One Major Effect of Eating Fruit Every Day, Says New Study
While you can't control certain risk factors for type 2 diabetes, you can lower your risk of developing it through dietary choices. For example, new research suggests that adding just one more serving of fruit to your diet could delay the onset of the chronic condition.
According to a new study published in the Endocrine Society's Journal of Clinical Endocrinology & Metabolism, individuals who eat two servings of fruit a day have a 36% lower likelihood of developing type 2 diabetes than those who consume less than half a serving each day.
How could this study's findings impact you?
As of 2018, some 34.2 million people of all ages in the U.S. (or about 10.5% of the population) had diabetes, per the CDC's 2020 National Diabetes Statistics Report. It's important to keep in mind that type 2 diabetes accounts for 90%-95% of all diabetes cases. An estimated 345 million people are currently at risk of developing this medical condition.
However, experts regularly say that eating a predominantly plant-based diet can help protect you from chronic disease. While some risk factors are out of your control (age, gender, and family history), others are within grasp (diet, smoking, and physical activity).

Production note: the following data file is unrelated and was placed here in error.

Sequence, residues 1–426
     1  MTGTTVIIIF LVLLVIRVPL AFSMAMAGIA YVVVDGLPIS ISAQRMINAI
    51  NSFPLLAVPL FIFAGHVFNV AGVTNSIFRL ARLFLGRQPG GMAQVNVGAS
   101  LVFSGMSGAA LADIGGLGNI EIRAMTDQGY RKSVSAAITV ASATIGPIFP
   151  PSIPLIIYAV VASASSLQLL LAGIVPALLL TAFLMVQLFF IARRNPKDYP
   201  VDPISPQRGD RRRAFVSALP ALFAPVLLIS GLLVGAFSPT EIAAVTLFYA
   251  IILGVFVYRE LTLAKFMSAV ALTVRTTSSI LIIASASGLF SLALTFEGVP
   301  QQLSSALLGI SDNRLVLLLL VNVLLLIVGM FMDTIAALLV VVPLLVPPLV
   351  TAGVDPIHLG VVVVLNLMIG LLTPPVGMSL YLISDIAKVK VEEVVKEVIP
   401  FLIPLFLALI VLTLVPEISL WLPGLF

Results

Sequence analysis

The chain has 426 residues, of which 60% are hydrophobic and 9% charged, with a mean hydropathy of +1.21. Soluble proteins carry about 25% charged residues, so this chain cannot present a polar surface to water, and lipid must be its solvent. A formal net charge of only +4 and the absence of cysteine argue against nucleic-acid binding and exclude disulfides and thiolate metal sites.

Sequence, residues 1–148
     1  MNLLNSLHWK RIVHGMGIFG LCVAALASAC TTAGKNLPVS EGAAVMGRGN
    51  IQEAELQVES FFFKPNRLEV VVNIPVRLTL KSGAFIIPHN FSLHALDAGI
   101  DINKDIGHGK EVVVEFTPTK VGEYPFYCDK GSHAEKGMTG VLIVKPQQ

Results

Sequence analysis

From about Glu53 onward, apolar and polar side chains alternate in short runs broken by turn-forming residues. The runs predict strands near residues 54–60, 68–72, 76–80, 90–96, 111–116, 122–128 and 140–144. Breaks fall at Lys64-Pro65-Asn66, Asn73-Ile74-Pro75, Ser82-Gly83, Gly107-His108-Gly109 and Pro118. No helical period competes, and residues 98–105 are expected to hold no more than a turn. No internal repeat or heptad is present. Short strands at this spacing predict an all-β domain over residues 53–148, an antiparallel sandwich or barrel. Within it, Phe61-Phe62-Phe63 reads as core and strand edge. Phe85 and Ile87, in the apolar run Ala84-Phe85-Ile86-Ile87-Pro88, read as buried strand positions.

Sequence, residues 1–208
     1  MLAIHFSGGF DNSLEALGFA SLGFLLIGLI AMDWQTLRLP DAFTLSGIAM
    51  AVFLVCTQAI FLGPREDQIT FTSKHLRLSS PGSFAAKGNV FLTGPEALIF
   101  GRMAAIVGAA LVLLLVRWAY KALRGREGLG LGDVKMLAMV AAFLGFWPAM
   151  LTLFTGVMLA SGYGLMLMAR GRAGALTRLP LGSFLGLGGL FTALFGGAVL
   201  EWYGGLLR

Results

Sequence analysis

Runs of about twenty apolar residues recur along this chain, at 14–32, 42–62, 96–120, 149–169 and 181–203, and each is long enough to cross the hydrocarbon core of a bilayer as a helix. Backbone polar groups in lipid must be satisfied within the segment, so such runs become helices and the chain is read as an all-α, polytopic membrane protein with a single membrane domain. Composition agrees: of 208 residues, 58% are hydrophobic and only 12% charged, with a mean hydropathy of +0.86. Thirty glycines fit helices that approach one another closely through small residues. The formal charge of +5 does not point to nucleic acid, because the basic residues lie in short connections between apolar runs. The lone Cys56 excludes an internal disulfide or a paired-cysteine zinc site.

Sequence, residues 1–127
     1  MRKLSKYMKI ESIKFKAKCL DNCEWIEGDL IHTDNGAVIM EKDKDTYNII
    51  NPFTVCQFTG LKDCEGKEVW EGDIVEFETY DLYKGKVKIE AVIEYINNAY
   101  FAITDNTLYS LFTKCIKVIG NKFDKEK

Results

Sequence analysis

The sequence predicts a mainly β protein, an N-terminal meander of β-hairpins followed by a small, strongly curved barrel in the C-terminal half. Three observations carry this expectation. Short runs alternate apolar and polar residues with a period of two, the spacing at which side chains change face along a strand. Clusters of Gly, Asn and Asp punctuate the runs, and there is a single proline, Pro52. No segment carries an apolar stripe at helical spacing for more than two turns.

"Studies show that people who regularly eat more whole grains, vegetables, fruit, beans, and nuts—and less red meat, processed meat, saturated fats, highly processed foods, and sugar—tend to have lower rates of both diabetes and heart disease," Becky Ramsing, MPH, RDN, and senior program officer at the Johns Hopkins Center for a Liveable Future, previously told Eat This, Not That!.
In this new study, researchers analyzed the data of more than 7,600 participants from the Baker Heart and Diabetes Institute's Australian Diabetes, Obesity, and Lifestyle Study. Participants were asked to provide information on their fruit and fruit juice intake through a food frequency questionnaire.
"We found people who consumed around 2 servings of fruit per day had a 36% lower risk of developing type 2 diabetes over the next five years than those who consumed less than half a serving of fruit per day," study author Nicola Bondonno, Ph.D., of Edith Cowan University's Institute for Nutrition Research in Perth, Australia, said in a statement.
"We did not see the same patterns for fruit juice. These findings indicate that a healthy diet and lifestyle, which includes the consumption of whole fruits, is a great strategy to lower your diabetes risk."
The researchers also determined that those who ate whole fruits produced less insulin to lower their blood glucose levels—a key finding given that high levels of circulating insulin can damage blood vessels, which could also increase the risk of high blood pressure.
Now, be sure to check out the 8 Low-Carb Fruits For Weight Loss.
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